Quasi-mystical Jonathan is what we get on "Astral Plane", a brilliant compostion of love in the world in-between - "If you won't sleep with me, I'll still be with you, I'm gonna meet you on the astral plane". And how many actually do visit the people who get almost close to us during everyday life, achieving relationship goals in that realm between the "real world" and sleep? Smart underground poetry from Jonathan Richman at his most poignant, lyrics that glide away from the mainstream but are not too obscure for the intuitive underground rock fan. The Modern Lovers kick in after the song begins with Jo Jo's lonely announcement "Tonight I'm all alone in my room/I'll go insane" and in less than three minutes he projects his persona into your speakers to declare that his everpresent punk/blues can evaporate with a journey plucked out of Sri Paul Twitchell's Eckankar teachings. Richman isn't doing his spiritual excercises, though, he's traveling through the Twilight Zone with the Modern Lovers bashing out their own statement in a world separate from his imaginary lover. The song remains surprisingly consistent in attitude on the latter Kim Fowley demos (not the earlier ones Fowley did with engineer Dinky Dawson ) as on the more popular Warners tapes which have the aura of John Cale's finesse. The band resembles The Velvet Underground more than Jonathan sounding like Lou Reed. He comes off like a Bostonian fronting that venerable group, Jerry Harrison copping the riffs of his producer, David Robinson doing his best Moe Tucker while Richman indulges in his wonderfully brash dementia. The record is so fantastic you actually want to break it over the singer's head for abandoning this jangly guitar confronting keyboard sound, a style that is fresh and exciting years after it was tracked and never duplicated, even by its creator. "Astral Plane" is one of the greatest moments of pop merging with punk, Richman's eccentricities leading many fans to the conclusion that the singer didn't even get his wish in the dreamworld, and that, indeed, it was what drove him allegedly insane.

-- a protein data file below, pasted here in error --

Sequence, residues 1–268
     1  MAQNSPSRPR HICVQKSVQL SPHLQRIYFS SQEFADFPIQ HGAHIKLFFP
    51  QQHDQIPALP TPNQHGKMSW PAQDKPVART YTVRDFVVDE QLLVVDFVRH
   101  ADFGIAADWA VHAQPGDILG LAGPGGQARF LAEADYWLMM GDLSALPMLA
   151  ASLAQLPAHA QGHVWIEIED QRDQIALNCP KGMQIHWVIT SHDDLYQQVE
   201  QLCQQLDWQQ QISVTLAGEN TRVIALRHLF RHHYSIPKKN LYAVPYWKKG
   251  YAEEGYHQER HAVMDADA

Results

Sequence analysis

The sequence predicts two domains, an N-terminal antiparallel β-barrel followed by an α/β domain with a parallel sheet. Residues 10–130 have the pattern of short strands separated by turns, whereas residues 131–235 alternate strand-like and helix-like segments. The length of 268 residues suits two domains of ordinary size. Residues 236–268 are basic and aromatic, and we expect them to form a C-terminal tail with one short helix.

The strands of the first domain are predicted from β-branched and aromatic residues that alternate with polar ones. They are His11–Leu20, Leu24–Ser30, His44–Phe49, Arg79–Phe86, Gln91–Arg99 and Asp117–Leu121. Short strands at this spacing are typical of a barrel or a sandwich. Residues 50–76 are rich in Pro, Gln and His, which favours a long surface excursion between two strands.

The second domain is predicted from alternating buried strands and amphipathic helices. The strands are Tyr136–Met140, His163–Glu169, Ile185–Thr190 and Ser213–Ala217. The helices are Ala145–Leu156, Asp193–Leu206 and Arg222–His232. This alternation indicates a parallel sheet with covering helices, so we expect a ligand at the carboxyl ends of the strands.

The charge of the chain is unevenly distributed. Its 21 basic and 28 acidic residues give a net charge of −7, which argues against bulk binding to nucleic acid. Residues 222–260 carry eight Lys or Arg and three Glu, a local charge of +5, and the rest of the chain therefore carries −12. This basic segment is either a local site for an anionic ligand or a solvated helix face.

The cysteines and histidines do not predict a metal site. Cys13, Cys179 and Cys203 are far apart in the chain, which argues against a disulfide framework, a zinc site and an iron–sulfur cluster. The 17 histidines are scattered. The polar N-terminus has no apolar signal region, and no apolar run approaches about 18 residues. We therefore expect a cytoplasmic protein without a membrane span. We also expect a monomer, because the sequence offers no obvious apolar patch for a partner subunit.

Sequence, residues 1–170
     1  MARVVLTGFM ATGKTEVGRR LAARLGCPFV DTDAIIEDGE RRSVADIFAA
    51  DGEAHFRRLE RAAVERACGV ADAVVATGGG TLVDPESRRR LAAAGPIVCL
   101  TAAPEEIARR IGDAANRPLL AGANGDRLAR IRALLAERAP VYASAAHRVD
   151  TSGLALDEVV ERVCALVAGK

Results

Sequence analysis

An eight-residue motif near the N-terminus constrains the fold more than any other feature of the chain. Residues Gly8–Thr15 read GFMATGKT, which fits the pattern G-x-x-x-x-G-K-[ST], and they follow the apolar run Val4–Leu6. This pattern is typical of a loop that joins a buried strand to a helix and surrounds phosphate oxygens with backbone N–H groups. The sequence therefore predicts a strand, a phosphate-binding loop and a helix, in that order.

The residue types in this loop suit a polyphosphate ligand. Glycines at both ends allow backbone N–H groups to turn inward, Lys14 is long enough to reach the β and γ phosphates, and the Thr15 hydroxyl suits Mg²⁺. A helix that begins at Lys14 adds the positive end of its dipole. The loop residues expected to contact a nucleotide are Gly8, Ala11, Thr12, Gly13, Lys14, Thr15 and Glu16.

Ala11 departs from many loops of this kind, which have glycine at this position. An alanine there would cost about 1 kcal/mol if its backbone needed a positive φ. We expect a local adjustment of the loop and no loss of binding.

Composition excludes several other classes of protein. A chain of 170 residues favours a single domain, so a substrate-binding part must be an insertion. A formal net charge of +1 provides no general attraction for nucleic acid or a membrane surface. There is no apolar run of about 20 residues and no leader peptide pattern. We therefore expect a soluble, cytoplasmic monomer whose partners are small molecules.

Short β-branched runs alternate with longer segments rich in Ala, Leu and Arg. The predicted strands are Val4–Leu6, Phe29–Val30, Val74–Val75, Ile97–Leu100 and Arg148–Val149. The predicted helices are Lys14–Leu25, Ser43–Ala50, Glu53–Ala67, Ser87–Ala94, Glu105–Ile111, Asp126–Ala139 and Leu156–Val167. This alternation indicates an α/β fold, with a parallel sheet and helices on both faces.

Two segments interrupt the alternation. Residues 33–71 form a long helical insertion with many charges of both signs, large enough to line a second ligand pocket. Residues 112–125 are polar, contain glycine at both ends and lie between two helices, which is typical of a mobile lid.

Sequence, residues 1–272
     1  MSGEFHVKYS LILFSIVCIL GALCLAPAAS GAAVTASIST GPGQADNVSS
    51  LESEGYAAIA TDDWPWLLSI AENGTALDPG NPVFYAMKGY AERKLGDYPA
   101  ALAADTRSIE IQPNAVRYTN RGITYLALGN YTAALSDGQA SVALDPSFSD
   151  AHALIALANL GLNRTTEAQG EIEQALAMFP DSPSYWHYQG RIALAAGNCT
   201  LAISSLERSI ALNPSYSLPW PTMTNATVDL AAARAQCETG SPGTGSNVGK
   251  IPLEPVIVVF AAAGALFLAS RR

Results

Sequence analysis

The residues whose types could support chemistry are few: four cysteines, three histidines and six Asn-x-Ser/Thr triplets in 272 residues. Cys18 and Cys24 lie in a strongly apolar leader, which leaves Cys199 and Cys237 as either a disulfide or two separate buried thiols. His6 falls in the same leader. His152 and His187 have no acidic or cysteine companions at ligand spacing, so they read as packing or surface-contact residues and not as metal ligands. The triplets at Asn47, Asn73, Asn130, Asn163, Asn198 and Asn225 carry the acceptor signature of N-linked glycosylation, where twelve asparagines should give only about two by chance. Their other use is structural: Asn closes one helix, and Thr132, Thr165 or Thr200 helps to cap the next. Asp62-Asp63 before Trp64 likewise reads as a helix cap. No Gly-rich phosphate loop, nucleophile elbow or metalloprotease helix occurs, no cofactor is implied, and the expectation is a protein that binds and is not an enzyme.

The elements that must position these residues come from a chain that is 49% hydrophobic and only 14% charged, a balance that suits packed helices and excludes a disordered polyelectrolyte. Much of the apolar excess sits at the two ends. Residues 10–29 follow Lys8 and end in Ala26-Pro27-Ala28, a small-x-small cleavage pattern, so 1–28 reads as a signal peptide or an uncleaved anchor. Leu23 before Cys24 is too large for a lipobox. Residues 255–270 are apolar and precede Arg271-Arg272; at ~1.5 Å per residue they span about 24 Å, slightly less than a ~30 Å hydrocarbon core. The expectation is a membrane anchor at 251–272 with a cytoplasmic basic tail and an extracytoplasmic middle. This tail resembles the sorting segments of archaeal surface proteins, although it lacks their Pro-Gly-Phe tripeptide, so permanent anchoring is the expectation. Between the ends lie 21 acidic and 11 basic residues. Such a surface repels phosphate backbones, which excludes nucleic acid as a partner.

|Song Review||by Joe VIglione|